Over the last decade, the three-button jacket has all but disappeared. In the 1990s and early 2000s, they were prevalent. But coinciding with the advent of slimmer fits, the three-button jacket has almost vanished. You could chalk this up to the fickleness of fashion, and that may be true. However, I think there are several limiting and subtle factors that are preventing the three-button from making a comeback.
If you’re old enough to order an alcoholic beverage, than you might have noticed that jackets are significantly shorter than they were in the last decade. It stands to reason that the loss of a couple of inches of real estate would lend itself to fewer buttons. However, there have been eras when jackets were on the shorter side and three-buttons still existed.
The Rolling Stones, 1965. Agence France-Presse — Getty Images
In the picture above, several members of the Rolling Stones are wearing relatively short jackets with three buttons. Therefore, jacket length can’t be the sole reason that the third button has disappeared.
Higher button stance
Most current-day suits have a relatively high top button compared to other fashion eras. The location of this button is referred to as the “button stance” or “button stand”. With a higher button stance, the second button is encroaching on the third’s real estate, reducing the ability to place a third button in its natural location. The higher placement is partially for aesthetic reasons, but it’s mostly necessary to provide maximum waist suppression by anchoring at the true waist (slimmest section of the torso just below the ribcage). If the button is placed lower, the jacket waist will have to be cut larger to accommodate the circumference of the hips.
There are quite a few stylistic similarities between 1960s men’s suits and the modern version, but the most noticeable difference is the lack of waist suppression – the 1960s jacket had a considerably boxier cut. Due to the similarities, the roots of the modern suit are generally attributed to 1960s more than any other era. Though there is a resemblance – both are historically on the shorter side with slim, flat front trousers and sometimes narrow lapels – I think the comparison has become a little exaggerated, due in part to the not entirely faithful wardrobes of period pieces like Mad Men.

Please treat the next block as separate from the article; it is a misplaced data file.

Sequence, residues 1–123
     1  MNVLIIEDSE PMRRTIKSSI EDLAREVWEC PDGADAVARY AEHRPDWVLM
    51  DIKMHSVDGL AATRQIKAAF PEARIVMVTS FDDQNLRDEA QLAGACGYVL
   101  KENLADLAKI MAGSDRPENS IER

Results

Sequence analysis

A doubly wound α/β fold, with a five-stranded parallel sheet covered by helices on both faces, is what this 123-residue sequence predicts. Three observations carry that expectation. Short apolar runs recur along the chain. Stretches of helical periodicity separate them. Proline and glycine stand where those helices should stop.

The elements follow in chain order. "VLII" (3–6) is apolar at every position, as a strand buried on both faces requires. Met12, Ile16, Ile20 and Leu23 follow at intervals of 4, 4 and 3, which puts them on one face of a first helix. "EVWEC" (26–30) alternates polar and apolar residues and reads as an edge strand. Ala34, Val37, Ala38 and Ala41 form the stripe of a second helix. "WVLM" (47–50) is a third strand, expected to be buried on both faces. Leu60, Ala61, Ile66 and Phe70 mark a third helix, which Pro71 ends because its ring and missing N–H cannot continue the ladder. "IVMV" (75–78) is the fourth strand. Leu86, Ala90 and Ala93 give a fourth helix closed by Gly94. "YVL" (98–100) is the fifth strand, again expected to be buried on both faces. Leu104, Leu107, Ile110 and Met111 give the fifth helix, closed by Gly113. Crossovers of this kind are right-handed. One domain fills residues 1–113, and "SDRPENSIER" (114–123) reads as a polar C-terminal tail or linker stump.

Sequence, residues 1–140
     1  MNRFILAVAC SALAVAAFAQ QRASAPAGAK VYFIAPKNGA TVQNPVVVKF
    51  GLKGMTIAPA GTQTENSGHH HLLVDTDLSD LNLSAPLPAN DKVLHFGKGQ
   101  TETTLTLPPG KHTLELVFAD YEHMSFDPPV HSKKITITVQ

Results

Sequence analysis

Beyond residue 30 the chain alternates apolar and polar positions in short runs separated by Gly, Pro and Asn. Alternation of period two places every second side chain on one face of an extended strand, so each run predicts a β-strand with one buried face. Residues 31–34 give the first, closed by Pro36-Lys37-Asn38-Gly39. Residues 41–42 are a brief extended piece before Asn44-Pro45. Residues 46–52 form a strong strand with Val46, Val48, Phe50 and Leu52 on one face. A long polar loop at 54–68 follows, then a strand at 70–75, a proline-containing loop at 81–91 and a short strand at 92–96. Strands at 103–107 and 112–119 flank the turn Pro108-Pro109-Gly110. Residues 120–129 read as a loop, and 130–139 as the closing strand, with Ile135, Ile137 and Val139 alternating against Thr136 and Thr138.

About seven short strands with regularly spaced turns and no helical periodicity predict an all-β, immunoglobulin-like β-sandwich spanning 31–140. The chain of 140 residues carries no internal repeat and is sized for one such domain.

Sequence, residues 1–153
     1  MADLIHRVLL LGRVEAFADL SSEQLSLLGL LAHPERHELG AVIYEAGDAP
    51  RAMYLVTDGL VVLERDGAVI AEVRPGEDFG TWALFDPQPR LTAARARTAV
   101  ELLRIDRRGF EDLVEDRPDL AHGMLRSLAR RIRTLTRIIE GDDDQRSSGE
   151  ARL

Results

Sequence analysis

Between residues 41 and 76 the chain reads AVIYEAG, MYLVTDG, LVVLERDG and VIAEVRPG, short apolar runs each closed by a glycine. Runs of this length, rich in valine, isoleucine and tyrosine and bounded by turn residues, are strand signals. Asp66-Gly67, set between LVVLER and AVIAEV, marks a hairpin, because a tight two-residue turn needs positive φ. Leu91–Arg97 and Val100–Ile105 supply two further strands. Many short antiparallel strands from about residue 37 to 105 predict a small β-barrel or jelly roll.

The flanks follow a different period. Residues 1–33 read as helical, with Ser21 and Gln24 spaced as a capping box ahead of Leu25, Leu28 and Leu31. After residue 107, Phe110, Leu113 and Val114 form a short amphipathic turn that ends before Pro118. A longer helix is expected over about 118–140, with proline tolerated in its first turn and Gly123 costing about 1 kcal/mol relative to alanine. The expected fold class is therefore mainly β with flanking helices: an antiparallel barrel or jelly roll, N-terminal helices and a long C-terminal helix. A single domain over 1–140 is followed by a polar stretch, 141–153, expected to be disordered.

Early 1960s suit, source unknown
In the first half of the 20th century, the “sack jacket,” a straight cut jacket with very little hourglass shaping, was commonplace. Today, just about all jackets have darts running vertically from the chest to the pockets, as well as a separate panel that runs vertically from the armhole, for a total of six panels:
The image above depicts the left side of a modern six panel sewing pattern with a chest dart. On a sack jacket, the dart would be absent and the chest and side panels would be combined into one piece. The dart and additional panel allow for more pronounced waist suppression. In any garment, darts and panels permit a rapid increase or decrease in circumference – in this case from the chest to waist. An average man has a difference of six or seven inches between his chest and waist (more for bodybuilders and less for those carrying extra weight in the midsection). Today’s norm of a large chest-to-waist ratio would be nearly impossible using a sack jacket pattern:
In the image above, a cylinder is serving as a simplified proxy for a torso. If the midsection is cinched up without any darting/panels, the fabric has nowhere to go and becomes creased and wrinkled.
By contrast, darts allow for smooth shaping between the different circumferences:
While jacket length and button stance are straightforward enough, the effect that waist suppression has on the number of buttons is less obvious, though I think it is the primary reason that two-button jackets are so pervasive. If jackets in the 1960s dropped two or three inches from chest to waist vs. today’s norm of six or seven, this would create a sharper angle in the modern jacket. Because of this more extreme taper, it would stand to reason that the lower chest/sternum would be significantly tighter as a result. Since the lower chest/sternum is the traditional location of the top button on a three-button jacket, any tightness in that area could impede the function of the top button.
The chest allowance – the amount of extra fabric added to a garment over the body measurements – in modern suits is also considerably less than it has been in most three-button eras. In addition to the chest tightness associated with a more fitted waist, as discussed earlier, a closer fitting chest would further restrict the ability to close the top button of a three-button jacket.
So is the three-button jacket extinct?
After a decade of historically shorter and tighter jackets without a dramatic reversal in this trend, it seems unlikely that the three-button jacket is due for major comeback anytime soon. However, fashion is cyclical and there have been some signs of a shift away from the hyper-trim style – jacket length is a touch longer than it was a few years ago, lapels are a hair wider. I believe that the very baggy fit of the 1990s and early 2000s was more of an anomaly than the current fitted trend. But as I’ve written before, these styles are at opposing sides on the spectrum of historical extremes, so I’d put my money on a continued incremental easing of the ultra-fitted trend, but probably not enough to accommodate a third button in the foreseeable future.